After considering the investigation information provided by the Police, DoJ instructed the Police to press charges against nine persons among the arrested demonstrators for "assisting in organising unauthorised assembly" and "taking part in unauthorised assembly" in late December 2011. The remaining 84 persons received written warning from the Director of Public Prosecutions. Upon DoJ's above advice, the Police have used the same approach, including by phone or paying visits to the addresses known by the Police, to locate the nine persons in question since January 2012. The Police successfully contacted eight among nine persons between January to May 2012 and invited them to police stations. They were subsequently arrested and prosecuted by the Police.

     The eight persons attended the hearing at the Kwun Tong Magistrates' Court on September 24 and 25, 2012. Among them, six persons pleaded guilty to a charge of "assisting in organising unauthorised assembly" and a charge of "taking part in unauthorised assembly", whilst the remaining two persons were bound over by the Court.

     The Police had attempted to contact the remaining woman in question by phone for over 20 times since January 2012, and there were two occasions on which the Police successfully contacted her in person and informed her of the arrest and prosecution decision. She was also required to go to the police station for completing the necessary procedures. The Police had also paid ten odd visits to a number of addresses in connection with the woman, relaying messages to her family members that the Police were looking for her, as well as informing them of the way of contacting the Police, in the hope that the woman would get in touch with the Police. However, it turned out that the woman did not do so. Under the circumstances, the Police arrested the woman in Central on May 8, 2013.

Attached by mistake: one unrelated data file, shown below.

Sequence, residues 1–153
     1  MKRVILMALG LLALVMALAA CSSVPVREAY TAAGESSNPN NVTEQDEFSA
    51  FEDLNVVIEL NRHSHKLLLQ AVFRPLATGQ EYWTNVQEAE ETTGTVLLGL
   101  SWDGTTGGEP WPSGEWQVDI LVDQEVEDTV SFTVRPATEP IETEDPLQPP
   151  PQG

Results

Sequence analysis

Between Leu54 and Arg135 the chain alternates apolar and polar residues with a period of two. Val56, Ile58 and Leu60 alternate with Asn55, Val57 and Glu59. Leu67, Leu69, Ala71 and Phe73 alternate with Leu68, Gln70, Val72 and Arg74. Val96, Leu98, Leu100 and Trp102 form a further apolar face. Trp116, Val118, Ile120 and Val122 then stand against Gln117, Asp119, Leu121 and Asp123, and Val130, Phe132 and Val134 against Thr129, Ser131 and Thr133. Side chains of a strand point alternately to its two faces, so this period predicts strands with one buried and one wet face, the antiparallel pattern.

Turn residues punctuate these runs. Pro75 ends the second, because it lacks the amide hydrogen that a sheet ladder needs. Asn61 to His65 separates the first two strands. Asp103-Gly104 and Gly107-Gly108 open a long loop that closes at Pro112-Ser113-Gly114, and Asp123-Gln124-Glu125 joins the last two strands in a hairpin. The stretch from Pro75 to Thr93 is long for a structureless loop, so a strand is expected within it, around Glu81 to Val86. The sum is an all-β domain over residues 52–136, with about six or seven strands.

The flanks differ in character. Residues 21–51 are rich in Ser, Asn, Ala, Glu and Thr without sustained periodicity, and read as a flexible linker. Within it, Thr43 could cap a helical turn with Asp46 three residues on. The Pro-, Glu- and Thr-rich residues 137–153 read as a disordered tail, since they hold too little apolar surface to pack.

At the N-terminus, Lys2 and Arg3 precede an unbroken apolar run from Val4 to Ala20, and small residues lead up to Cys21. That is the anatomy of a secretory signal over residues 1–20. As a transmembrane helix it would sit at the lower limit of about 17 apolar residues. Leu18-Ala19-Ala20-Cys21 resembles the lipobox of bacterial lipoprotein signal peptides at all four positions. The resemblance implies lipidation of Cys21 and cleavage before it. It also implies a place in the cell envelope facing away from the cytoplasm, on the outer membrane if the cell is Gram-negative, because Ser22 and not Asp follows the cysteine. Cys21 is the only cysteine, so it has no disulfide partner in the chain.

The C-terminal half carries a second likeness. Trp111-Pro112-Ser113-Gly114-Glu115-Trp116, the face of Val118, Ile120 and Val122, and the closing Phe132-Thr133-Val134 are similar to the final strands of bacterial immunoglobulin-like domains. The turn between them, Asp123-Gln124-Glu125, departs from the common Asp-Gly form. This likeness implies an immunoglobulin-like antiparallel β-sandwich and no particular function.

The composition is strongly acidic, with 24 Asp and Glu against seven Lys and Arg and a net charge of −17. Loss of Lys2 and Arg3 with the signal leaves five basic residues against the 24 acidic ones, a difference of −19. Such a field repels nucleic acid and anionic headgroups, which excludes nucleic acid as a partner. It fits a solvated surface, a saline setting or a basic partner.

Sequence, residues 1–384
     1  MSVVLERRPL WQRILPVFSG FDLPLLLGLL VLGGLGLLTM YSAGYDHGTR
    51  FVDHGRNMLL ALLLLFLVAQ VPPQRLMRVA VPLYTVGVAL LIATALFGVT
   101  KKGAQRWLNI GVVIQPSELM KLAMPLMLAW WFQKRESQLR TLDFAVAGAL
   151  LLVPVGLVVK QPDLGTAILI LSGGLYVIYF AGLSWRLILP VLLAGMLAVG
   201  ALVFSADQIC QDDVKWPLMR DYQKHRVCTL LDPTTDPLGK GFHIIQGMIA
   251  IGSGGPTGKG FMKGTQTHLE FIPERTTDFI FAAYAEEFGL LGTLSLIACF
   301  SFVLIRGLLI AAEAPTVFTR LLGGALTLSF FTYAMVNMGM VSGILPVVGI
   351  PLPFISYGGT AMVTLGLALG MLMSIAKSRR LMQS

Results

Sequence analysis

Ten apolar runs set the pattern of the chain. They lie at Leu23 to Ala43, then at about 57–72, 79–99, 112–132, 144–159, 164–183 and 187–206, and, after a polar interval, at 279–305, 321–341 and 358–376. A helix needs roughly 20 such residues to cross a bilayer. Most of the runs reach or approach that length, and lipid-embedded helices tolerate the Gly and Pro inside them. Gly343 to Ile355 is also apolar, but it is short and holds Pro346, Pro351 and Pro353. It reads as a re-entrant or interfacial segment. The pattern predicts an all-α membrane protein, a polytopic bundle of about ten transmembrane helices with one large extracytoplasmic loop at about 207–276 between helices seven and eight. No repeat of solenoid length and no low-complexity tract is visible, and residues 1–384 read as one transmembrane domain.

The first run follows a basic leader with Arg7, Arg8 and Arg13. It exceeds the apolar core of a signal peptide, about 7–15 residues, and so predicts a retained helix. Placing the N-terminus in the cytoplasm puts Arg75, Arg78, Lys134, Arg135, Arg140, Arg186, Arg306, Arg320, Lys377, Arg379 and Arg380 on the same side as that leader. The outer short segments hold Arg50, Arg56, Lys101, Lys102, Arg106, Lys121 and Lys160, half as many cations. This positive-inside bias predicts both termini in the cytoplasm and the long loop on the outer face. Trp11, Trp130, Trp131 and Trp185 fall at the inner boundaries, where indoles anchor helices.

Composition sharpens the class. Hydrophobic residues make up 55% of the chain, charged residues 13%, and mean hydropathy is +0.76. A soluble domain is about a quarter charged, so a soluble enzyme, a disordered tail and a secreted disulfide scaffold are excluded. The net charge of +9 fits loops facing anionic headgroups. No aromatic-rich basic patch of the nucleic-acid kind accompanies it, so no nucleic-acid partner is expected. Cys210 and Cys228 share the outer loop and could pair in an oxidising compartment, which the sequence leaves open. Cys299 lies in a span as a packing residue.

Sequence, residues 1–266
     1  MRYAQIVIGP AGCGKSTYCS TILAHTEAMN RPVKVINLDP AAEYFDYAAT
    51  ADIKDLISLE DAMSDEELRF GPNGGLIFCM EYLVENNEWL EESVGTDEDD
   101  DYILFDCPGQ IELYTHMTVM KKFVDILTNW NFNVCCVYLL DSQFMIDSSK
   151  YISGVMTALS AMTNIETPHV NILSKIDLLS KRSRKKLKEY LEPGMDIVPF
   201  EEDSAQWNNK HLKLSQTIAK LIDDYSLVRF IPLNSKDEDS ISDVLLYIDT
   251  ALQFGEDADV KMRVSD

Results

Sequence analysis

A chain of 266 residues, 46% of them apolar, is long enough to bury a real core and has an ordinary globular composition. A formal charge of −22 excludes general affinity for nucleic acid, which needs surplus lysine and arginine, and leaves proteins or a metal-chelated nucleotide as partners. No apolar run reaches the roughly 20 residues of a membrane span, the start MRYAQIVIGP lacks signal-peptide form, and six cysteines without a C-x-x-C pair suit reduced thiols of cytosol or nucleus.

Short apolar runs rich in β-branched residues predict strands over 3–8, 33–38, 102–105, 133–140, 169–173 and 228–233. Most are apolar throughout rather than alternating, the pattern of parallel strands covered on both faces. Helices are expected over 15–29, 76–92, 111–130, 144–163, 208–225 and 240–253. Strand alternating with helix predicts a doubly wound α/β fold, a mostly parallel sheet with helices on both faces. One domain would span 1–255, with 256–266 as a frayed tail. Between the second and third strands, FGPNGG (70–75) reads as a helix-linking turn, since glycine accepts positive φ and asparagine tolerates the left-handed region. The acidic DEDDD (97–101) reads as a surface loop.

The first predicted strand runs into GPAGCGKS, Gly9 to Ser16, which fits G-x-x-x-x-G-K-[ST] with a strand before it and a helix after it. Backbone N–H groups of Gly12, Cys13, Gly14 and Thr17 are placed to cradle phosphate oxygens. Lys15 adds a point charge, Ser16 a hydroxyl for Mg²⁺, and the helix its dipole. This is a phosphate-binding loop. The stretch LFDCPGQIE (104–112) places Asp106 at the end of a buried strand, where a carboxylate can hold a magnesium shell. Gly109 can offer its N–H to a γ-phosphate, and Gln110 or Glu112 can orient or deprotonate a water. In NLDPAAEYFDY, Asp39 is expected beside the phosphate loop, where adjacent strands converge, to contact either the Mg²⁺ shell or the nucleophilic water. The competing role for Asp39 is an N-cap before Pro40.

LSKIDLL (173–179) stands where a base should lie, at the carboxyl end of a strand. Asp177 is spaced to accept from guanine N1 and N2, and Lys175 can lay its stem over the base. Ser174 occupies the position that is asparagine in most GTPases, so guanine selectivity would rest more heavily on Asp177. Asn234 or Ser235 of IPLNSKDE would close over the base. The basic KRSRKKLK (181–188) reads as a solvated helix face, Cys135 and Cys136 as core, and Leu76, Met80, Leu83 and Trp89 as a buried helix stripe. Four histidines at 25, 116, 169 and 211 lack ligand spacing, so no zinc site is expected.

Hong Kong is a society under the rule of law, and the Police have the responsibility to maintain law and order. The Police will take enforcement action against any person who commits an offence in a fair, just and impartial manner, regardless of the person's identity, job or background. The Police have been acting in accordance with the law, and there is absolutely no political consideration involved. The above arrest action by the Police was entirely unrelated to the identity, job or background of the arrested person. As pointed out by Police and DoJ, the discussion on "Occupy Central" had not yet surfaced when DoJ made the prosecution decision, therefore, the prosecution decision is absolutely not related to the issue. The Police also did not know the woman's relation with the "Occupy Central" issue when she was arrested.

(d) As in other international cities, there are laws for the regulation of public meetings and processions to ensure public safety and public order in the Hong Kong Special Administrative Region. Such laws are particularly important to densely populated cities like Hong Kong, with the objective of maintaining an appropriate balance between the protection of personal freedom of expressions and the rights of peaceful assembly, and upholding social order and the overall interests of the community.

     There are provisions under the Ordinance for handling such acts as disorder in public places and a breach of the peace. There are also notification and appeal mechanisms in relation to public activities as mentioned above. The Ordinance has been effective in that it has enabled the Police to take reasonable and appropriate measures when discharging their duties, thereby facilitating peaceful conduct of lawful assemblies, processions and demonstrations. The Administration has no plan to amend such law.

Ends/Wednesday, May 22, 2013
Issued at HKT 16:21